Sadly, recent revelations are forcing readers—confronted by a brand-new band of literary scallywags, hucksters, and hoaxers—to reconsider the veracity of the story as well as that of the storyteller.
At the end of Folio Literary Management's second month in operation, Scott Hoffman, who represents writers of fiction and nonfiction and receives between two hundred and five hundred queries a week, spoke about the role of agents in today's publishing marketplace.
Let me be the last—the absolute dead last—to point out that we're in the midst of a memoir craze. My favorite form of procrastination used to be computer solitaire, but now I prefer to chat on the phone with my writing friends and discuss the ongoing boom in autobiographical literature. We speculate like housing developers prognosticating on the real estate market. Will the bubble pop? Will prices continue to rise? Will market trends ever again veer toward literary fiction?
Last year a total of 172,000 books were published in the United States. Although that number reflects a 10 percent decrease from the previous year, it's easy to see how any one book could get lost in the shuffle—especially if it's one among the many memoirs being published every season. With the idea that there's strength in numbers, four memoirists who published books earlier this year have joined forces to promote their titles, developing a community of like-minded authors—and fostering emerging writers—along the way.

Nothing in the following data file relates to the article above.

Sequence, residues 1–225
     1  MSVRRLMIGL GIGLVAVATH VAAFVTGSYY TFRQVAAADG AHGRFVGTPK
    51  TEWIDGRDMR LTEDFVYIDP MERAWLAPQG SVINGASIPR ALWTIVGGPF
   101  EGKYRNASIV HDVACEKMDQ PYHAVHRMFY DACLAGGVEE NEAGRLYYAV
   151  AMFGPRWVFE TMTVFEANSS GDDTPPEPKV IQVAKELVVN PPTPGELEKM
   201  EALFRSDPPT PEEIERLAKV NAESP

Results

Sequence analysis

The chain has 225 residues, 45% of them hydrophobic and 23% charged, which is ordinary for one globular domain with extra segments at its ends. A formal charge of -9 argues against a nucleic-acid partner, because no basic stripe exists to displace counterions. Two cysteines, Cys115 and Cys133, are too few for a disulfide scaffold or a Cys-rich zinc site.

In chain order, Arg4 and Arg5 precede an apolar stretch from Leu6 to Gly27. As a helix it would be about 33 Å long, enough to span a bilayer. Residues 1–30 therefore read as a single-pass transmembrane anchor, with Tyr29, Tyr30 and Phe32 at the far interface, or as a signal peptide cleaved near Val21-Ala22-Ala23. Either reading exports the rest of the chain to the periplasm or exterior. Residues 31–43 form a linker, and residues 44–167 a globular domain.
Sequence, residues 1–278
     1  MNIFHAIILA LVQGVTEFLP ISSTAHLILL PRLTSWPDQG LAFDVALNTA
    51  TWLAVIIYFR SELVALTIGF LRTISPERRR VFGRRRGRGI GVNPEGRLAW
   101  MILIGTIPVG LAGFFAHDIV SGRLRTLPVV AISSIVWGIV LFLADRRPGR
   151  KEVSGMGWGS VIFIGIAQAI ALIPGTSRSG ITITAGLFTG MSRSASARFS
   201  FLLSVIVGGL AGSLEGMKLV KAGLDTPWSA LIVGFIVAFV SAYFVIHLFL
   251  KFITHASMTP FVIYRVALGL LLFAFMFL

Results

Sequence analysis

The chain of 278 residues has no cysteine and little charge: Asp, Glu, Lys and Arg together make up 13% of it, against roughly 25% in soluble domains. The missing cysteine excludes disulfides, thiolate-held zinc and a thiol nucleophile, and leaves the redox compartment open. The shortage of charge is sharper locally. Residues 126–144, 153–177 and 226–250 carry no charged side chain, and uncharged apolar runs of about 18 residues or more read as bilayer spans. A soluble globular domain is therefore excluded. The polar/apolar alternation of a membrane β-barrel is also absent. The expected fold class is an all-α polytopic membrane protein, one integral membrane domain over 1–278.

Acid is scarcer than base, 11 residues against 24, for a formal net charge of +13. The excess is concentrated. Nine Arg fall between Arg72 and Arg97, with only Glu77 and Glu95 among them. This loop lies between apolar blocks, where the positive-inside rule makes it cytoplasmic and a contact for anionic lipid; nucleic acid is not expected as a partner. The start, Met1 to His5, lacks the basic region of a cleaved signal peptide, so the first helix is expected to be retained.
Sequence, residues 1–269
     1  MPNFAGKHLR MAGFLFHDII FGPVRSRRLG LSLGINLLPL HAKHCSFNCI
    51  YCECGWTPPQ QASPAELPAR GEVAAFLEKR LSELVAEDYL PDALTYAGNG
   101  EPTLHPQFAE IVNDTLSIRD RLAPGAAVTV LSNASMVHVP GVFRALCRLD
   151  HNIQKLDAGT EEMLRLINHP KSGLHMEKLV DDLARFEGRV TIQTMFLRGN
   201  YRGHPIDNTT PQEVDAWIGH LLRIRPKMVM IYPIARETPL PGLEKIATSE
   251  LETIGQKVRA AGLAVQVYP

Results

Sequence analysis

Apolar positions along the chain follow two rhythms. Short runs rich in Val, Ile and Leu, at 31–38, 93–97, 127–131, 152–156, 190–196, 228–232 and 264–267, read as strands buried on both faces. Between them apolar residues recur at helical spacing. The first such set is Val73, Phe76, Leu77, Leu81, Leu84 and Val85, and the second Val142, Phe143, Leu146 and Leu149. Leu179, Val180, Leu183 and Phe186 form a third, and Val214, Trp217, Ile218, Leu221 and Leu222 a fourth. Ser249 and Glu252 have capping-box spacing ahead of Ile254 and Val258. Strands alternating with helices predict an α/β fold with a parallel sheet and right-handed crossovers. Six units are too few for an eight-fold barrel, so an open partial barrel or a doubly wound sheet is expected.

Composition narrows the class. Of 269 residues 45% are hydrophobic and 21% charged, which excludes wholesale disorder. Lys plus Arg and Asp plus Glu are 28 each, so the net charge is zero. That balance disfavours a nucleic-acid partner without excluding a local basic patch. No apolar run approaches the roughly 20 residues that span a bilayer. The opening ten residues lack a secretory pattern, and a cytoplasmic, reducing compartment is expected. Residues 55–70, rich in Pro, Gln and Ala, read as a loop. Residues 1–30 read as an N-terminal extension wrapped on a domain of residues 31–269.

The release of three anthologies of creative nonfiction (or literary nonfiction or narrative nonfiction or whatever you choose to call it) proves that while difficult to label, there’s little challenge finding representative work for the so-called fourth genre.
Citizen journalists, often blogging in real time, have forced an expansion of creative nonfiction by influencing public opinion on important issues such as the presidential campaign.
Getting there may be half the fun, but for Rolf Potts, author of Marco Polo Didn’t Go There, the art of traveling—and travel writing—raises more important questions than how to go from point A to point B.
My confusion came from a curious warning. Awash in a sea of writers and would-be writers in a drab-walled meeting room at the Association of Writers & Writing Programs Conference a few years ago in Vancouver, B.C., I was listening to author Dinty W. Moore extol the virtues of creative nonfiction writing when suddenly he straightened his stout body and leaned across the podium. "Look out," he cautioned, his tone dire, "the journalists are coming!"
Appearing in someone else’s memoir is like appearing in someone else’s dream. Your role is scripted according to the vagaries of the author’s memory and subjected to the Rorschach test of the heart. This utter lack of editorial control is the second thought I have on learning, in the pages of the New York Times Book Review, that the son of my late ex-husband has published a memoir of his father, the poet William Matthews.
Two years after publishing a brutal, unflinching account of his drug addiction, James Frey is showing signs of becoming a kinder, gentler writer in his second memoir, My Friend Leonard.